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Peles Castle is Sinaia's highlight and not to be missed, despite the castle fatigue that can overtake you in Europe. Built in a faux-German, medieval fairytale style between 1892 and 1914 by King Carol I, the castle provides a fabulous sensory overload of Tiffany glass, Art Nouveau sculpture, the latest turn-of-the-century furnishings from Vienna, Bukhara carpets, Meissen porcelain and enough wood carving to make you feel as if you're walking through a giant cuckoo clock. Outside, formal terraces and statue-cluttered gardens dissolve into meadows and forested mountains.

The 120 kilometres south to Bucharest brings you from Carpathian peaks and on through vineyards into the sprawling Romanian capital. It's the only unpleasant drive you'll endure in Romania, on a road clogged with traffic and pushing through grey suburbs until you reach central Bucharest's wide, Paris-inspired boulevards and fine Belle Epoque architecture.

The 20th-century Communist era dominates, though, especially along monumental Bulevardul Unirii and at the grandiose Parliament, one of the world's largest buildings, where tours provide a lively insight into Communist leader Nicolae Ceausescu's megalomania and liking for marble-and-silk excess. Piata Revolutei square was at the epicentre of the revolution that overthrew Ceausescu in 1989. It has a monument to those events and has preserved the bullet holes in some of its surrounding buildings.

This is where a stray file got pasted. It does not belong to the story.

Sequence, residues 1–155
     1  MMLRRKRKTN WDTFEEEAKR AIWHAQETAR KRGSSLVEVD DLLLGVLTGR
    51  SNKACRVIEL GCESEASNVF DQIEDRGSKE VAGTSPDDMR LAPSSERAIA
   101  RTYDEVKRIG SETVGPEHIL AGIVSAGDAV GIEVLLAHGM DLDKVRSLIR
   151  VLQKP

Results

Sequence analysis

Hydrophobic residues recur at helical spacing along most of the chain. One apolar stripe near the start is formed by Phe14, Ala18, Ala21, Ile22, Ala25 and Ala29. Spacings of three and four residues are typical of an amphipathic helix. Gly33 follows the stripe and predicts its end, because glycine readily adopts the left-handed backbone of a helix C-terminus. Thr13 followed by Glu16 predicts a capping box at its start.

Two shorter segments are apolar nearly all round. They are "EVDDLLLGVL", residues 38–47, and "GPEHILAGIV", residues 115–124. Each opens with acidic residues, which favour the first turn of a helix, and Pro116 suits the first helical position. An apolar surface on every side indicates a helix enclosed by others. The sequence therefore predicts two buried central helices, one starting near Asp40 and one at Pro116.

Your journey should rightly end in the 21st century in this capital of a resurgent Romania that's now part of the European Union and slowly overcoming its historical and economic problems. Bucharest is once again a lovely city in places, dotted with restored monasteries and 19th-century buildings, full of good museums and leafy parks.

It buzzes with youthful energy and restaurants, and tempts with nights out in the opulent Opera Romana or jazz clubs along Strada Lipscani in the heart of historical Bucharest. Lipscani district has a party atmosphere in the evenings. Rental car returned, you can crack open the champagne and join the celebrations.

FIVE MORE ROMANIAN MUST-SEES

SIBIU